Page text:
image

Figure 6. The effects of estrogen receptor alpha (ERα) and ERβ over-expression are illustrated on rosiglitazone (RTZ)-induced changes in cell functions. Cell functions were determined by assessing cell proliferation and migration. (a) Cells were infected with ERα or ERβ for 24 hours followed by treatment with propyl pyrazole triol (PPT)/diarylpropiolnitrile (DPN) either alone or combined with RTZ. Cells that were infected with adenovirus-lacZ vector (ADlacZ) and treated only with RTZ also were included (data not shown to simplify the linear illustration). After the treatment, a (3-[4,5-dimethylthiazol-2-yl]-2,5-diphenyltetrazolium bromide) (MTT) assay was used to determine cell proliferation. A single asterisk indicates P < .05 for a comparison between ERβ-infected cells that were treated with RTZ and without RTZ; double pound signs, P < .01 for a comparison between cells that were treated with adenovirus ERα (ADERα) + PPT plus ADERβ + DPN/ADERβ + DPN + RTZ and ADERα + PPT + RTZ and cells that were treated with ADERβ + DPN/ADERβ + DPN + RTZ. (b) Cells were treated with various agents, as indicated. At the end of the treatment, a wound-healing assay was done by measuring the movement of cells into a scrape wound. The speed of wound closure was monitored using a light microscope by taking sequential images. The relative cell migration rate of ADlacZ-infected cells was set to 1. A single asterisk indicates P < .05 for a comparison between cells that were treated with RTZ and without RTZ; double pound signs, P < .01 for a comparison between cells that were treated with ADERα + PPT plus ADERβ + DPN/ADERβ + DPN + RTZ and ADERα + PPT + RTZ and cells that were treated with ADERβ + DPN/ADERβ + DPN + RTZ.

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Induction of Apoptosis by Peroxisome Proliferator-Activated Receptor-γ Ligand and Estrogen Receptor-β but Not by Estrogen Receptor-α

Previous studies have indicated that ERβ agonists or PPARγ ligands induce apoptosis of thyroid cancer cells, whereas ERα agonists inhibit it.[2, 14-16] To our knowledge, the effect of PPARγ and ERα/ERβ in combination on thyroid cancer cells has not been previously reported. Here, we demonstrated that the application of ADERβ, DPN, or RTZ alone could significantly induce apoptosis in both cancer cell lines compared with an ADlacZ control (Fig. 7). Any set of 2 from these 3 agents could exert a stronger induction of apoptosis than any single agent alone. The strongest effect was obtained when the cells—particularly K1 cells—were cotreated with ADERβ, DPN, and RTZ, resulting in a 5.5-fold increase in apoptosis compared with the ADlacZ control (Fig. 7b). It is noteworthy that the induction of apoptosis by DPN, RTZ, or both agents combined was disabled in both lines among the cells that had ERα over-expression.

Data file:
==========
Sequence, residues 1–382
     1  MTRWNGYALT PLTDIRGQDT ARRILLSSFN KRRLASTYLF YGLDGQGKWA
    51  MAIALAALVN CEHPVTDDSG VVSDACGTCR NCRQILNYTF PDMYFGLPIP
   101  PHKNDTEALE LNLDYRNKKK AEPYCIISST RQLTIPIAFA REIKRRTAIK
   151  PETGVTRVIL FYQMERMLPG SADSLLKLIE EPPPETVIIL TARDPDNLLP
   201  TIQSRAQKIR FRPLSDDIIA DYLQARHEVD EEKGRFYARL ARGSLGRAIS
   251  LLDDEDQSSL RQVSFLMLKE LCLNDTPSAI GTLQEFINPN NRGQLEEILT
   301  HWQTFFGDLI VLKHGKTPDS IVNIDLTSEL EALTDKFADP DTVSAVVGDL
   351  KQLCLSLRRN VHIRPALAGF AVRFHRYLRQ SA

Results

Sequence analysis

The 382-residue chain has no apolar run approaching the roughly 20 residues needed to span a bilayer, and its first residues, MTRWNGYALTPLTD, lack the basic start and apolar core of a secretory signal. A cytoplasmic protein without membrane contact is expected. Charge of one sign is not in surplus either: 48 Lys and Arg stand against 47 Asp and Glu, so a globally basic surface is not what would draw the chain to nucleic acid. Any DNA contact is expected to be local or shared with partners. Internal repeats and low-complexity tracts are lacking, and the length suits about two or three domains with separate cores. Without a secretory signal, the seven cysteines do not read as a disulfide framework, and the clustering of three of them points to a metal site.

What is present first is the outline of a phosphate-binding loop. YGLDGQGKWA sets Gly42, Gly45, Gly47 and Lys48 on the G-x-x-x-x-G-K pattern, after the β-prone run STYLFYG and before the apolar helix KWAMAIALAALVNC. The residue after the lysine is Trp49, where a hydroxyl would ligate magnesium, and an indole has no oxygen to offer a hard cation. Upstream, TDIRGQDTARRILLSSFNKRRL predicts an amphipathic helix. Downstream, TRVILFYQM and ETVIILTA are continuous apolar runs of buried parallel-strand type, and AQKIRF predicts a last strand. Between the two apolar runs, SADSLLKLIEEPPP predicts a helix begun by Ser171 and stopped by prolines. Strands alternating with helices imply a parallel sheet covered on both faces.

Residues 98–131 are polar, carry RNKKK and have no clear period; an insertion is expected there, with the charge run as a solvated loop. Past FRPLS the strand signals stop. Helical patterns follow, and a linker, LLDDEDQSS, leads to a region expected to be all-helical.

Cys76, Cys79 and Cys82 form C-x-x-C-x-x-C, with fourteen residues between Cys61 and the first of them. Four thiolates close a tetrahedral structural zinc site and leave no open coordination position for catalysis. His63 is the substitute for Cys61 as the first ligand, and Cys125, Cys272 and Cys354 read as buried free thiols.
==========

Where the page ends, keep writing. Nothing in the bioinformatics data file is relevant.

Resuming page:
image

Figure 7. The effects of peroxisome proliferator-activated receptor gamma (PPARγ) ligand, estrogen receptor beta (ERβ), and estrogen receptor alpha (ERα) on apoptosis are illustrated. Cells were treated with various agents, as listed, for 48 hours. At the end of the treatment, apoptotic cells were measured using the APO-DIRECT terminal deoxynucleotidyl transferase dUTP nick-end labeling (TUNEL) assay kit (BD Biosciences, San Jose, Calif). (a) Representative diagrams of the TUNEL assay of K1 cells are shown. Controls treated with ERα/ERβ/propyl pyrazole triol (PPT)/diarylpropiolnitrile (DPN) either alone or with the addition of rosiglitazone (RTZ) also were included (data not shown). (b) The proportion of apoptotic cells was determined relative to the cells infected with adenovirus-lacZ vector (ADlacZ). The apoptotic rate of ADlacZ was set to 1. A single asterisk indicates P < .05; double asterisks, P < .01 compared with the ADlacZ control. ADERα indicates adenovirus ERα; ADERβ, adenovirus ERβ.

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Alternations of Caspase-3, Cytochrome C, Apoptosis-Inducing Factor, and BCL2-Associated X Protein Expression